Xenocide forms the core conflict of Orson Scott Card’s Ender’s Game series (hence the title of the third book) and features in The Forever War by Joe Haldeman. Battlestar Galactica presents an interesting twist, where the cylons debate the ethical questions surrounding the complete annihilation of the humans. And then, of course, there’s all the time travel stories involving Hitler–let’s not even go there.
The interesting thing about xenocide stories is that even though they describe a dilemma that does not currently exist in our modern world, they inevitably come down to issues of Otherness that lie at the very core of the evils of genocide. In order for xenocide to be morally justifiable, you have to know your enemy well enough to know that there’s no possibility of forging any sort of peace with them. And to know them that well, they cease to be quite so alien. It’s one of the major themes in Orson Scott Card’s work–that to defeat an enemy, you have to know them so well that you can’t help but love them.
In our modern world, genocide is only possible when an ethnic group is relegated to the position of Other–when they are made out to be so different and unlike us that we can never possibly relate to or mix with them. They become “sticks” (Germany), “cockroaches” (Rwanda), “animals” and “barbarians” (Israel). That is precisely why it makes us uncomfortable in stories about xenocide–because it turns the well-intentioned saviors of humanity into knights templar, or possibly the very monsters they are trying to destroy.
By positing a situation in which genocide might actually be justifiable, science fiction helps us to understand exactly why it is so reprehensible–and that’s only one of the ways in which the genre can uniquely explore these issues. That’s one of the things I love so much about science fiction: its ability to take things to their extreme logical conclusions, and thus help us to see our own real-world issues in ways that would otherwise be impossible.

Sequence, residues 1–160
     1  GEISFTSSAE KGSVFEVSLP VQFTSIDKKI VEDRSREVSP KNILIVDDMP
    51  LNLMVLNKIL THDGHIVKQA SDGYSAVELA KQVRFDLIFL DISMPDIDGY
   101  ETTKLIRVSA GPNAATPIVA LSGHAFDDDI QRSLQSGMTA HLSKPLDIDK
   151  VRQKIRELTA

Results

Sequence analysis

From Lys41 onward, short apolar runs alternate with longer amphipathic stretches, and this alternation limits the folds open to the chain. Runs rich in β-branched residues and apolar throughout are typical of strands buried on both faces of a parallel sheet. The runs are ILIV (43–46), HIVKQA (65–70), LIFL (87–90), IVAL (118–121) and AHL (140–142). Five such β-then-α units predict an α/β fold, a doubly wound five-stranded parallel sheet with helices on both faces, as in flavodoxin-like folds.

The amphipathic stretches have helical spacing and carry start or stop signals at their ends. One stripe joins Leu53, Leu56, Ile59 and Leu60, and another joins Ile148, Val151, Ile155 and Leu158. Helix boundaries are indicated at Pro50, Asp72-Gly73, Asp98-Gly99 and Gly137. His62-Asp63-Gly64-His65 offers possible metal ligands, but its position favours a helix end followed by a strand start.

Since most of my characters are human, xenocide as such isn’t a major theme in my books, but genocide certainly is. In the Gaia Nova series, the starfaring Hameji look down on the Planetborn as inferior beings and think nothing of enslaving them and slagging entire worlds. That’s how Prince Abaqa from Stars of Blood and Glory sees the universe at first, but by the end of the novel he’s not quite so sure. Stella from Sholpan and Bringing Stella Home also deals with these issues as she comes to realize how it’s possible for the Hameji to hold to such a belief system.
If genocide is one of the ugly skeletons in the closet of this screwed up modern world, then xenocide is science fiction’s way of taking those skeletons out and dignifying them with a proper burial. By wrestling with these issues in stories set on other worlds, we are better able to humanize the Other and prevent these horrors from happening again on our own. In this way and so many others, science fiction helps us to build a better world.
If you don’t know anything else about the universe, you should know this: it’s big. Really, really,REALLY big.
How big, you ask? Well, for starters, take a look at Earth in the picture above. Can you see it? It’s the pale blue dot in the beam of starlight on the right side of the picture. As Carl Sagan so famously put it: